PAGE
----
In Memory and In Hope
This has been one of the hardest winters I can remember in all of the years I have worked with orphaned children. As the temperatures drop, we know that pneumonia and other illnesses will spread quickly through orphanages, and we always pray for an early spring. I don’t think many people even stop to think about how fast a sickness can spread in an institution when 20-30 babies live in just one room. And for babies struggling with medical issues already, such as heart defects or cleft lip, they are very vulnerable indeed.
I always try to put a smile on my face each day, and be cheerful and optimistic when I talk about our work. But if you’ve ever lost someone whom you cared about, I am sure you will understand when I say that sometimes you can just be going along and then suddenly the weight that they are no longer here causes you to crumble. Today was one of those days. I was watching a young mom with her tiny baby as he grabbed tightly onto her finger in that wonderful way newborns do. I think it was when I saw her smile down at him as if he was her sun and moon combined that it hit me so strongly that little Riley and Gabe and Wren and so many more precious babies this winter left this world before they had a chance to be fully loved in a parent’s arms. Their lives ended too soon. And I cried tonight for a good long time as I asked again why so many babies around the world are orphaned. Babies aren’t supposed to be alone.
As I tucked in my son, and kissed him for probably the ten millionth time since his adoption, he asked me why I had been crying. I told him I was sad that every child didn’t get to be in a family and that I was sad that so many babies were sick. He said without missing a beat, ‘Why don’t you tell your friends? Just let them know the babies need help.”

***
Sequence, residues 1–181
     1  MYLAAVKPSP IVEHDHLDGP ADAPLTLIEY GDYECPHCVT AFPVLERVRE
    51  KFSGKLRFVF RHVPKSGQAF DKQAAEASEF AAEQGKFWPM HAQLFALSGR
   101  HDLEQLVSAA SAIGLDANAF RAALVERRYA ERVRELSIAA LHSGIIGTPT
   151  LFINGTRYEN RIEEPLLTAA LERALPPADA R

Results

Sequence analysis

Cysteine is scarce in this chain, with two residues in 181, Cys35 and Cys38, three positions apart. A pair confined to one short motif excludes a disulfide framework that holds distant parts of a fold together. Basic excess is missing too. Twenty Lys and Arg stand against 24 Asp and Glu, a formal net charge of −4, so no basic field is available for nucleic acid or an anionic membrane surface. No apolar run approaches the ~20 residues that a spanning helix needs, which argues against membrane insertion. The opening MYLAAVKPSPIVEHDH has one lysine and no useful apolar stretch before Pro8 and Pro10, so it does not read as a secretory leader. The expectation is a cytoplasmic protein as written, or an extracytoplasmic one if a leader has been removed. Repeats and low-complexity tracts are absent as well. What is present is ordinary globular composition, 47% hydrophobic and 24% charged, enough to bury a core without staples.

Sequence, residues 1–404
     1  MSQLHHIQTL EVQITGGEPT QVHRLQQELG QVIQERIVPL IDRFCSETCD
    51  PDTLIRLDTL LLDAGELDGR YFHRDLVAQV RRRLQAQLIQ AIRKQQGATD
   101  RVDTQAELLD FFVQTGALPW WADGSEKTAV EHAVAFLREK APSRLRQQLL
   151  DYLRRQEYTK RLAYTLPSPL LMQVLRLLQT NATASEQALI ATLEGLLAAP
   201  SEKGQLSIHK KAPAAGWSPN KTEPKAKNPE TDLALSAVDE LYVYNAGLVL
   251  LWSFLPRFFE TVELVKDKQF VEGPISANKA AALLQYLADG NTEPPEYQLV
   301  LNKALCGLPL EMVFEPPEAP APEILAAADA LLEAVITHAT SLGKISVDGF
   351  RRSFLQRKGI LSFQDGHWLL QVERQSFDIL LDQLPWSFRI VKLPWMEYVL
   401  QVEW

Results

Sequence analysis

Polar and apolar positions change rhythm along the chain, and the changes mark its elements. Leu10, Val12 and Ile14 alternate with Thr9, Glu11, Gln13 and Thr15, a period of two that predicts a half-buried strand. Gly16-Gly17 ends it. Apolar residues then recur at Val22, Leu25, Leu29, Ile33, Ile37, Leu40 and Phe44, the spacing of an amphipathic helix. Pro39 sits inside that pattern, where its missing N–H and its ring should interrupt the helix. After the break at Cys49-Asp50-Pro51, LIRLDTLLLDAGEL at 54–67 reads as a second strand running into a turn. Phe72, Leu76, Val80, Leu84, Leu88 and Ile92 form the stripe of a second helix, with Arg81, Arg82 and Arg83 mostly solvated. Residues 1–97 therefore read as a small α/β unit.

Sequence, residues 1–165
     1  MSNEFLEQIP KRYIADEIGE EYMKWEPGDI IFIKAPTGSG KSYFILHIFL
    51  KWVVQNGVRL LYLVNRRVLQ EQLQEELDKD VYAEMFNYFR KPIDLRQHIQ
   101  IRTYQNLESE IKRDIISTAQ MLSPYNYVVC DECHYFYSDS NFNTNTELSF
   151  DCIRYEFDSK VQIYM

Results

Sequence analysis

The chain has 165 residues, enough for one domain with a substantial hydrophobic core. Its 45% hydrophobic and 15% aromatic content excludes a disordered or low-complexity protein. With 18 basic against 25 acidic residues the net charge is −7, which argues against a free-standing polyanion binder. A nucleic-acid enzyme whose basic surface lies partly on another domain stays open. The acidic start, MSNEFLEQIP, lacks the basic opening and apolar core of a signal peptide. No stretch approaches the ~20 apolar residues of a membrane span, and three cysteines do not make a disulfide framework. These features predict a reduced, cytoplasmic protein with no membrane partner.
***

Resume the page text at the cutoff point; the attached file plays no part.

Thank goodness for the wisdom of seven year olds. We just need to let people know the babies need help.
This week, we have been the featured charity for Sevenly, and I have been so humbled to see how many people who had never heard of LWB bought a tshirt to help babies in our healing homes. Tonight as I looked at the number of shirts sold so far this week, it suddenly hit me that almost 2000 people will be wearing a shirt that will call attention to the fact that millions of children each day go to sleep without parents. Who knows how many conversations that might start with people who just don’t know. How many tiny ripples will join together to become a wave? I think my little boy has it right – that in every way possible – we need to ask our friends to spread the word that the babies need help.
So to everyone who takes the time to pray for those who are orphaned, to those who give what they can to heal those who are hurting, to those who sponsor children and promote adoption and who volunteer their time to make a difference for the kids who wait — I say thank you. Collectively we can be a powerful voice – for those who often can’t speak for themselves. Together we can remind the world that as long as children are hurting and alone, we as adults must do better.
~Amy Eldridge, Executive Director
In loving memory tonight of